The shock election of Donald Trump as US president sparked excitement that his pro-growth policies would reinvigorate the US economy. Talk these policies would be accompanied by faster inflation boosted US long-term interest rates by about 50 basis points over November. While Trump inspired a 14% rally in US equity markets that month, global infrastructure stocks fell 4% (as global equities overall rose 1.4%) because they were lumped among bond-proxy stocks that are considered to be vulnerable to higher rates.
The term bond proxy is often used to describe any security with bond-like features that benefited in recent years when low or even below-zero bond yields tied to ultra-loose monetary policies forced investors to look elsewhere for higher-yielding but still-dependable returns. Many turned to the safest of stocks including infrastructure stocks. After all, a primary characteristic of the infrastructure asset class is that the regulatory frameworks governing essential services generally ensure fair and predictable returns for owners.
The outlook is for tighter monetary conditions and higher bond rates. The Federal Reserve has raised the cash rate three times in the past 16 months because the US economy is progressing towards full employment. Recent evidence suggests that the global economy is picking up and seems to be winning its battle against deflation. This prospect of higher bond rates is prompting concerns that infrastructure stocks are set to underperform.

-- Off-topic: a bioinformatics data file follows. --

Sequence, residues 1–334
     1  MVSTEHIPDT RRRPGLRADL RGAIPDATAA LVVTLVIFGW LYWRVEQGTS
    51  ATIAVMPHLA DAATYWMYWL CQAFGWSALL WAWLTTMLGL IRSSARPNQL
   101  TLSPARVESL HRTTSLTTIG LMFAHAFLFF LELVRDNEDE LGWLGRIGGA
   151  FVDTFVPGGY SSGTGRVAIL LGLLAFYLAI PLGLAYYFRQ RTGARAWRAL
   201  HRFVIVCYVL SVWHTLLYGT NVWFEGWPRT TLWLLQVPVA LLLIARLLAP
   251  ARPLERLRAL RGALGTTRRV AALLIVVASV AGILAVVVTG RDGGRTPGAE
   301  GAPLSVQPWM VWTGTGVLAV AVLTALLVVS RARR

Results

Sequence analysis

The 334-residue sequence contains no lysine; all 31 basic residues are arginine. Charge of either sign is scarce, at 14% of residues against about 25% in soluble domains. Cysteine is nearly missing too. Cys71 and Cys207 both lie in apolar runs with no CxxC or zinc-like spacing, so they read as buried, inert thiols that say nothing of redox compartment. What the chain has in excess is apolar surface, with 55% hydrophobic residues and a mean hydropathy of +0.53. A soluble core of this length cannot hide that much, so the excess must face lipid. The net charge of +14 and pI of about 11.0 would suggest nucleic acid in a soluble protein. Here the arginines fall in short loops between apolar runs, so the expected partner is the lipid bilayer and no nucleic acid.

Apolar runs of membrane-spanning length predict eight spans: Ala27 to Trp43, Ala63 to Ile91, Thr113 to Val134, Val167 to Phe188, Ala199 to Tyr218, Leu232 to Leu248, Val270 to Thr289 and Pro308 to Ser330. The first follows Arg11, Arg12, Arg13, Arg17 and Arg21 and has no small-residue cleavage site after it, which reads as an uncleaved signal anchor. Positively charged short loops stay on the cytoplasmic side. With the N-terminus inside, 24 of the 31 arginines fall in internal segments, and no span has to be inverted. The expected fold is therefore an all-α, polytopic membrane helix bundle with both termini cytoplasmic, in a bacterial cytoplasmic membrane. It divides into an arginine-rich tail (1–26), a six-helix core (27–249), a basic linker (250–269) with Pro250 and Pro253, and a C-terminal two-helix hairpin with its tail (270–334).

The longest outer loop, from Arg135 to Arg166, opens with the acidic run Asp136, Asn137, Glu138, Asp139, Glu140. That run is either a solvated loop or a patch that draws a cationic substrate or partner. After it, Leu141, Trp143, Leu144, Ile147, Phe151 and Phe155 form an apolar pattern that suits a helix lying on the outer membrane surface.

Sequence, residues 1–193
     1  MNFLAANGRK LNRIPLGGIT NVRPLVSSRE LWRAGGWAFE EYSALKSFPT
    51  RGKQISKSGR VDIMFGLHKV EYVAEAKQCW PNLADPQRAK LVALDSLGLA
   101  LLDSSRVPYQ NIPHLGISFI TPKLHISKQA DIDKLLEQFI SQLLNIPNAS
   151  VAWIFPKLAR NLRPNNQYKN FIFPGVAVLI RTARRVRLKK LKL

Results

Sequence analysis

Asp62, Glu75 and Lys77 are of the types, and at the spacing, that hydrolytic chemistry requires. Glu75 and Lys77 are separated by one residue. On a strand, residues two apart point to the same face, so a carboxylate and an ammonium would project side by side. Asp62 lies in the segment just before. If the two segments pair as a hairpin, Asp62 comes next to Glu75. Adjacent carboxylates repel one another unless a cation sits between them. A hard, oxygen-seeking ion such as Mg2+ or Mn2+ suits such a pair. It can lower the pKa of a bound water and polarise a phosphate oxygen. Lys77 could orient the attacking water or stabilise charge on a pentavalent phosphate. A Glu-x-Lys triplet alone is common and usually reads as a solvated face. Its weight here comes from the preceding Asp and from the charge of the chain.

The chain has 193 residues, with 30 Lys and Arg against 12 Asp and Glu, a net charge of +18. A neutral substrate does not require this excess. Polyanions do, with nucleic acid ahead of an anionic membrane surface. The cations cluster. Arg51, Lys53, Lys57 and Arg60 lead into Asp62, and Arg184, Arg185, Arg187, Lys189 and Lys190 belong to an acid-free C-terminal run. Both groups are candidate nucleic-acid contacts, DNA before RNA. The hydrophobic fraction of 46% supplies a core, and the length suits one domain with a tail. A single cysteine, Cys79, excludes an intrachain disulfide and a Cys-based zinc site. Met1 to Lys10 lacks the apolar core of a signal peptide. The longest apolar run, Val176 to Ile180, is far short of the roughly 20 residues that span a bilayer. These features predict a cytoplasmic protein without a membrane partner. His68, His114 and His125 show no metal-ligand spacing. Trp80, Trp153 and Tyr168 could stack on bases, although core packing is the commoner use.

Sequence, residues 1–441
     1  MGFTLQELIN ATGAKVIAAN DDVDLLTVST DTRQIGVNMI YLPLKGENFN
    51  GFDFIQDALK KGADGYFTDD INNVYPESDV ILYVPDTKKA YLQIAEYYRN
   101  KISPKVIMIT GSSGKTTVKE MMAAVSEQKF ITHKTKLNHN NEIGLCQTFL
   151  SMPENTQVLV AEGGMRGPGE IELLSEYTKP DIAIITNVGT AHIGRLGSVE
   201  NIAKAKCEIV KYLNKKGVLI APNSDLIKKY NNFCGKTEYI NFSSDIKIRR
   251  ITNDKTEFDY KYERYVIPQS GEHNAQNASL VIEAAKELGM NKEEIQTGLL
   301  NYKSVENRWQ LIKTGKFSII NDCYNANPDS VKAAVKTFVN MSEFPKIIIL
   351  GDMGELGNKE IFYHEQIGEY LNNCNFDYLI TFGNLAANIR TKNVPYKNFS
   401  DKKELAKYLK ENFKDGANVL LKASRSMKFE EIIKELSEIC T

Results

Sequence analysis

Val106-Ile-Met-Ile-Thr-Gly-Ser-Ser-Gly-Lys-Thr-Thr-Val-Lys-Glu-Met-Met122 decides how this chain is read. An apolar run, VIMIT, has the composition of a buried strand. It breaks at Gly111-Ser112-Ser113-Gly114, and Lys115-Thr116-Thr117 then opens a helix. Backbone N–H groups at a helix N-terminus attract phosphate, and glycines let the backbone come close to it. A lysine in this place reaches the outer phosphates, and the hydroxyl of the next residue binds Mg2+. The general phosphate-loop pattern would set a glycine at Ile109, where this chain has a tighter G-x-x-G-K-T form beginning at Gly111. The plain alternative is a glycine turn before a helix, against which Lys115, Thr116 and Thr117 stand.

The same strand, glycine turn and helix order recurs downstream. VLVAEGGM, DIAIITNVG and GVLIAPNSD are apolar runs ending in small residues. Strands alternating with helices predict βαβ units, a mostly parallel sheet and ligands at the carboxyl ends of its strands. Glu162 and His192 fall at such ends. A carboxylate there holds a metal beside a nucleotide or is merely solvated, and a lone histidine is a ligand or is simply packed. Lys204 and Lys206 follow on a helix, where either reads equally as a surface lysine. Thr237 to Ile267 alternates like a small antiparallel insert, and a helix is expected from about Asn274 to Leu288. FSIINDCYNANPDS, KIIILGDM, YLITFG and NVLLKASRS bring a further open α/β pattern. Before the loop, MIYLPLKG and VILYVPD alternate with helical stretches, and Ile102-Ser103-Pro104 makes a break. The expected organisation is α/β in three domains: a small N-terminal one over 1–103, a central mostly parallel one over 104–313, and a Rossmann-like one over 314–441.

If interest rates were to jump then history suggests that infrastructure stocks would be likely to lag. But experience has been that this is a short-term phenomenon. Over the longer term, the relationship between infrastructure assets and interest rates is muted – whether rates are rising or falling. Interest rates have less sway on infrastructure stocks than many might think because these businesses are generally insulated from the business cycle. If interest rates were to rise, infrastructure stocks would be likely to recover quickly in relative terms, the more so because higher interest rates are already factored into infrastructure valuations.
Infrastructure stocks are certainly more sensitive to interest rates these days than the energy, materials and consumer-discretionary stocks that aren’t classed as ‘yield plays’. Circumstances could be such that infrastructure stocks could underperform. An unexpectedly large surge in interest rates would be one such circumstance. If rates rise modestly as expected, investors can be confident the embedded valuations and the protected nature of their earnings mean that infrastructure stocks are well placed to ride out the increase.
For more information on infrastructure stocks, or to discuss your current investments, please contact your Bentleys Wealth Advisor directly or call 02 9220 0700.